An AMD A8 3850 processor and AMD Radeon HD 7670 graphics card
The Official PlayStation Magazine UK build a PC with the exact same rumoured PS4 or 'Orbis' specs. See how well it does against a 'High end' PC
Perhaps, you remember the rumored PS4 or Orbis details. All indicates Sony wants to power their next gen console with PC parts.
The rumored specs include an AMD A8 3850 processor and AMD Radeon HD 7670 graphics card. Well, the Official PlayStation Magazine UK built a PC with some of these parts, and compared it with a 'high end' PC, which included a Core i7 2700K CPU.
The AMD A8 3850 processor belongs to AMD’s ‘Llano’ range, designed to handle both the usual CPU tasks and deal with graphics – it’s aimed at those who want to save the pennies and go without a graphics card.
As you’d expect then, it’s priced low – available at a pinch over £100, and it’s raw operating speeds aren’t that impressive. It runs at 2.9 GHz across four cores – for reference, the PS3′s six-year-old processor runs at 3.2 GHz across essentially four of its availible 6 cores.
The Llano processors are good at what they do – offer a cheap ‘all in one’ graphics and CPU solution to those on a budget, but when we’re talking about the next generation of consoles it seems odd for a chip like the A8 3850 to be in the picture at all.
Well, it didn't do too well on benchmarks:
They also tried a couple of games, like Just Cause 2, Bulletstorm and a beefed-up, super-HD texture version of Skyrim:Cinebench R11.5 scores:
Our homemade ‘PS4′ (AMD A8 3850) 3.42
High end PC – (Intel i7 2700K) 7.02
So the high end PC recorded a much bigger score, rendering the image almost twice as fast as our PS4. It doesn’t smack of ‘next gen,’ the reported hardware powering the Orbis.
Just Cause 2 PS4 Frames Per Second: 21
With the Quasi-PS4 up and running using a complex system of rubber bands and lolly sticks, we ran some of the most demanding games (for PCs and PS3s) out there, starting with technically challenging open world liberate ‘em up Just Cause 2:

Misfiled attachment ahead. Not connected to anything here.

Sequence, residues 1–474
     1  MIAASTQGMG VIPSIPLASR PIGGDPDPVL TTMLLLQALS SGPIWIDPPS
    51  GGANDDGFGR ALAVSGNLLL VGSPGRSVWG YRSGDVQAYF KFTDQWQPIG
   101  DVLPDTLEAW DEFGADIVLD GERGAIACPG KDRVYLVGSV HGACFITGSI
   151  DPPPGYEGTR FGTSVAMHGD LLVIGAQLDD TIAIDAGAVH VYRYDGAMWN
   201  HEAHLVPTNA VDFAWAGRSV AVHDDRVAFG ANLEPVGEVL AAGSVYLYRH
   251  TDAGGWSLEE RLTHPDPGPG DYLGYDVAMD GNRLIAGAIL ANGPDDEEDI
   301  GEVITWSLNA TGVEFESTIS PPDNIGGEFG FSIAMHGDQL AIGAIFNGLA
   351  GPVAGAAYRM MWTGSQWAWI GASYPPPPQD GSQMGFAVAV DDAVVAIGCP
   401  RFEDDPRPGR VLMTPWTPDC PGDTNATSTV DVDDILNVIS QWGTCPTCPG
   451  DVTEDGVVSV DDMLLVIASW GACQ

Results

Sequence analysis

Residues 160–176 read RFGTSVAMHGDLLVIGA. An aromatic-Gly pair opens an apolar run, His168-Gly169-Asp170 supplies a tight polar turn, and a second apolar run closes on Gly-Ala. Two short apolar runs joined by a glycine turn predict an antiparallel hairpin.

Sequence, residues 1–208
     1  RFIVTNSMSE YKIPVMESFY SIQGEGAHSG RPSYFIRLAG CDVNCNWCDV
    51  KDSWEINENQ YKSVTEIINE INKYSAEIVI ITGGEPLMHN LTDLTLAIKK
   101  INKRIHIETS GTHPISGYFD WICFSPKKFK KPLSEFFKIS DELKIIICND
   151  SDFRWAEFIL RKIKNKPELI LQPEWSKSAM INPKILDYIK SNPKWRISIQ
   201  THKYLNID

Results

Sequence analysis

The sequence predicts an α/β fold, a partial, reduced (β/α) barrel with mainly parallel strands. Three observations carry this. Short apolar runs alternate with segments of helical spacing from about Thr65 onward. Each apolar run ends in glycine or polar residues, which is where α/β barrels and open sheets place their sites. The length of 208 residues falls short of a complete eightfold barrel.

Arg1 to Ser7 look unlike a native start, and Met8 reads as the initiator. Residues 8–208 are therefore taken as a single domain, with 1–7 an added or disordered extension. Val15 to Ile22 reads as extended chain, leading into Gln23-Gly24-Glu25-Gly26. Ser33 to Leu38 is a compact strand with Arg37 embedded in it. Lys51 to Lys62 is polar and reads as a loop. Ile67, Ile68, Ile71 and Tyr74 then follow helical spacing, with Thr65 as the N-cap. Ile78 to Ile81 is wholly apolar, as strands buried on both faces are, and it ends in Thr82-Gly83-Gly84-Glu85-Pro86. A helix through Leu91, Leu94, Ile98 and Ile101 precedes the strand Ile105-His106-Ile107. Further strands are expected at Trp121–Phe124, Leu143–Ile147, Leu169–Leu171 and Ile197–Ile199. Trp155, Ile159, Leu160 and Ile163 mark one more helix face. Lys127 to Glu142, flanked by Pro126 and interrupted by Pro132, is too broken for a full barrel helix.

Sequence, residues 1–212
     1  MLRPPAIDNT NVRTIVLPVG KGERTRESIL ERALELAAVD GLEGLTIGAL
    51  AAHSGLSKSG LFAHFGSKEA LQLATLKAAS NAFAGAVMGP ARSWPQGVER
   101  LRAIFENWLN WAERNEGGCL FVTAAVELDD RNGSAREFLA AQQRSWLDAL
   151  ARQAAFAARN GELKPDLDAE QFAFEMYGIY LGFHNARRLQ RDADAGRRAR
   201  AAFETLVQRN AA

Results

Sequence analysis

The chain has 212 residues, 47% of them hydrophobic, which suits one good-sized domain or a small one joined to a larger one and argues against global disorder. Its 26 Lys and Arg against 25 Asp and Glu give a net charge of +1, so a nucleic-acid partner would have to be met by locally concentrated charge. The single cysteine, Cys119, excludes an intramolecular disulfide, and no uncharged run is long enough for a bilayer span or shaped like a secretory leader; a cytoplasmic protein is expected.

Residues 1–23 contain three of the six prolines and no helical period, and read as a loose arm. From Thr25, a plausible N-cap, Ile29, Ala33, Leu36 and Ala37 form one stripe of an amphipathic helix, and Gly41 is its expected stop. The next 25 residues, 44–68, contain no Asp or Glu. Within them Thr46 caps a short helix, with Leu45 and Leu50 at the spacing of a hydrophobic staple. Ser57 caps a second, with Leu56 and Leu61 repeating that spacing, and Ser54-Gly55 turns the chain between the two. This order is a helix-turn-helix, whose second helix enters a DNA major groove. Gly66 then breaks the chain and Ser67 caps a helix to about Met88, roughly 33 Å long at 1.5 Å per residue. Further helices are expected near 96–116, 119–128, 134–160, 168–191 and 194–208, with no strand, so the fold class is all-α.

So in raw numbers, the test rig didn’t exactly knock our pants off (that’s the saying, right?). In fact with an average frame rate hovering just above twenty, the PS3 looks positively sprightly in comparison – according to Digital Foundry it renders JC2 at between 20-30 fps.Bulletstorm PS4 frames per second: 30
Right, well this is more encouraging. 30 fps is perfectly playable, and the difference between PS3 and our test rig is really clear. The ground textures are sharper, explosions are crisper, and there’s a nice depth of field effect in the ‘PS4′. The two videos aren’t night and day, but there’s clear if subtle progress.Even if didn't do too well using the PC versions of these games, seems that PC components in the current crop of Windows-compatible games wont give you much of an idea how a PS4 utilising those components would actually perform:Skyrim PS4 frames per second: 27
Wow, that’s close. Frame rates look close, texture details looks close, draw distance too. One element that does set the two apart is the volumetric lighting in our ‘PS4′ video – there’s a thickness and depth to the fog and cloud, giving the sky a realistic quality. You can also see more of a sheen to the carriage driver’s leather garments in the ‘PS4′ version. It’s practically a photo finish in terms of detail, but it’s a bit disappointing to see the frame rates ducking below 30.
Also, the final hardware could change:Coding on closed-platform devices, like consoles, means you can squeeze every last drop of performance out of the hardware because you know that every one of those devices will be exactly the same.”
So we could have done the same thing with the PS3′s equivalent PC components, run some benchmarks, and yielded much lower results, simply because the mass-market PC parts aren’t designed to work together and with nothing else, James says:
“On such an open platform as the PC that means coding in redundencies for myriad different components. So as much as us tech geeks like to talk about the slick bits of silicon inside the machines so much of the final product is dependent on the software that is created and actioned on it.”
You can check the full article below, which is pretty interesting and includes a few video comparisons. Well, at least it gives us an idea on what we should expect next-gen!“There is also the possibility that the rumoured specs are based on the builds for the PS4 development kits which might have gone out. The final PS4 itself might contain more up to date iterations of that hardware further down the line.It should be possible to code with that current spec knowing that things are set to be x times faster by the time the final machines are released.
NEWS SOURCE: http://www.officialplaystationmagazi...ured-specs-do/
Our thanks to 'Gauss' for this neat news item!